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Lenovo misjudged what it would take to revive the Moto brand

According to the Wall Street Journal, Lenovo made a number of key misjudgments in its mission to turn Motorola back into a profitable business.

Published onJanuary 17, 2017

Despite releasing the intriguing Moto Z series and continuing with the popular Moto G range, Lenovo’s assimilation of Motorola into its smartphone business has not been a smooth story. Since Lenovo’s $2.91 billion purchase back in October 2014, the company had has to contend with falling smartphone sales, losing its top 3 global ranking, axing around 3,000 jobs, and posting its first annual loss since 2009. An insider look from the Wall Street Journal reveals some major mistakes and miscalculations made following the purchase.

According to interviews with current and former employees at the two companies, Lenovo CEO Yang Yuanqing’s previous success with the acquisition of IBM created “a certain aura of invincibility”and led to him making a number of strategic errors with Motorola. One of the biggest missteps taken by Lenovo was forcing the Moto brand back into China in 2015. The company left the Chinese market after being acquired by Google. Meanwhile, Lenovo already had a strong presence in the market at the time, having flirted with first place back in 2014. The theory was that nostalgia for the old Motorola brand would propel sales, so spending on marketing was not forthcoming.

However, the Moto X was only sold online and cost between $600 and $700, which was approaching iPhone prices in the country. As you may have expected, Moto releases also clashed with Lenovo’s own products, and it wasn’t long before the idea was pulled. IDC’s research suspects that only 200,000 Motorola handset sold in China in 2015. Over this period, Lenovo saw its share of China’s smartphone market decline to just 2 percent from around 12 percent just three years earlier, according to IDC.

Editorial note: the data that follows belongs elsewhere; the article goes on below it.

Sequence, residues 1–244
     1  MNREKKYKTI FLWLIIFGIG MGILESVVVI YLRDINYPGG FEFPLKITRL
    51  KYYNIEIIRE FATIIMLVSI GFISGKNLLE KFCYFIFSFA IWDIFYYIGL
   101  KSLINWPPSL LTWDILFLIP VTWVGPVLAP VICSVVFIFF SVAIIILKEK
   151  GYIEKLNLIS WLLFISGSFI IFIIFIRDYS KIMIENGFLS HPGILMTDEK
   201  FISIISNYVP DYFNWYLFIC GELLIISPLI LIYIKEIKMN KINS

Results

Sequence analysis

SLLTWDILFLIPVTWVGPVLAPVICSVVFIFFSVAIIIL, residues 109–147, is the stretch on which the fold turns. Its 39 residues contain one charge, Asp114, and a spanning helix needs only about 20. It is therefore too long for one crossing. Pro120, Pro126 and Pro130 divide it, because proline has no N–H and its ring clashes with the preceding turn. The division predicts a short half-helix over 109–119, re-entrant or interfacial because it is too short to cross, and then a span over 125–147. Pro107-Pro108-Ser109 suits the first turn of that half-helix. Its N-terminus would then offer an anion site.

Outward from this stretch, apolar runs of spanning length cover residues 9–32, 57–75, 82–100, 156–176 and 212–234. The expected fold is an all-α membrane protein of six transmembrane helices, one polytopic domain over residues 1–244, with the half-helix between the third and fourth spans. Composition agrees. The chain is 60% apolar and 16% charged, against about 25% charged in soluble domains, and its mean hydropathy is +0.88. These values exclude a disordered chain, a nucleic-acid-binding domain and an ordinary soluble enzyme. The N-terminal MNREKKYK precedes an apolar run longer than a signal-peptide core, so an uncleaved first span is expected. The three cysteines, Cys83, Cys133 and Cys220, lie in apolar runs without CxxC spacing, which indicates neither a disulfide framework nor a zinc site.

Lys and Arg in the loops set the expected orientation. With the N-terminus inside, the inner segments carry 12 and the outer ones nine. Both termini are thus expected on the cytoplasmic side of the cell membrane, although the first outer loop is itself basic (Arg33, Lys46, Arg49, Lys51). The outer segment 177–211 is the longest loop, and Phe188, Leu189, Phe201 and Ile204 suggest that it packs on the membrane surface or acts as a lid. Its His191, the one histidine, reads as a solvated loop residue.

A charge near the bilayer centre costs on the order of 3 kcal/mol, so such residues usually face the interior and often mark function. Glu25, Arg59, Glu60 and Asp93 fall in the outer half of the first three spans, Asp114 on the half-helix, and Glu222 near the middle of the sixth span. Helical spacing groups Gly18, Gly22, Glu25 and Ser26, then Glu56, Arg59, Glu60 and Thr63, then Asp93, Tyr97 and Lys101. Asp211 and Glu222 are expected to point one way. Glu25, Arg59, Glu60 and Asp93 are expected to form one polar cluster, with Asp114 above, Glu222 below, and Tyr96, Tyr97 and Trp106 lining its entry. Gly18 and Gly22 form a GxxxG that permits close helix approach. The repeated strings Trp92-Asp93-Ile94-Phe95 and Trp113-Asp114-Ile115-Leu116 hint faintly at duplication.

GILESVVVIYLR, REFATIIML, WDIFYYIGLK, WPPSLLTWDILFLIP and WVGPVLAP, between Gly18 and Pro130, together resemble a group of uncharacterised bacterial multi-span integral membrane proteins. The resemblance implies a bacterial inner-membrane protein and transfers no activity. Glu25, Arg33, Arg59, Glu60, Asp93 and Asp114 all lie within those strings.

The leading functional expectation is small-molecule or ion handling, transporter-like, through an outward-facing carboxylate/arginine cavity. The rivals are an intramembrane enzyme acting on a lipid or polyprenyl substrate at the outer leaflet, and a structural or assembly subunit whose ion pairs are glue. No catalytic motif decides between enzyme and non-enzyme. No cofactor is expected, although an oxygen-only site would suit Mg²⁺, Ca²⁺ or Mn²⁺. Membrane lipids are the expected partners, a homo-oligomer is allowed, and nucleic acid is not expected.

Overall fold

Lenovo’s strategy for making headway in the US market also remained unclear. The Moto X Force had been designed specifically for the US market and initial advertising revenue had been boosted in the country. However, marketing expenditure was almost immediately slashed, as was spending on US product development. Motorola’s advertising budget in the US hit $21.6 million in the first half of 2015, according to ad tracker Kantar Media, however, this was never going to compete with market leader Samsung’s $187.8 million ad budget. A reluctance to invest and struggling sales eventually led to a loss of at least 2,000 jobs in the country. Furthermore, much of Motorola’s product development would end up being moved to China.

At the same time, Lenovo started up its Zuk sub-brand to compete with the likes of Xiaomi. Although this meant transferring a large number of staff to its new company, leaving few to help deal with the struggling situation unfolding at Motorola. In August 2015 the company unveiled a plan to cut $1.35 billion in costs annually and to shed some 3,200 jobs.

“We underestimated the differences of the culture and the business model,” – Lenovo Chief Executive Yang Yuanqing

Fast forward to today, Mr Yang believes that Lenovo’s smartphone business is poised for success. Lenovo moved back up to the 6th largest global smartphone brand, according to IDC, in Q3 2016. The company has also increased its global advertising budget up 30 percent for the Moto brand and plans to build on the strong reception of the Moto Z flagship series unveiled last year. 2017 will tell if this is enough to return Lenovo and Motorola to their former heights.

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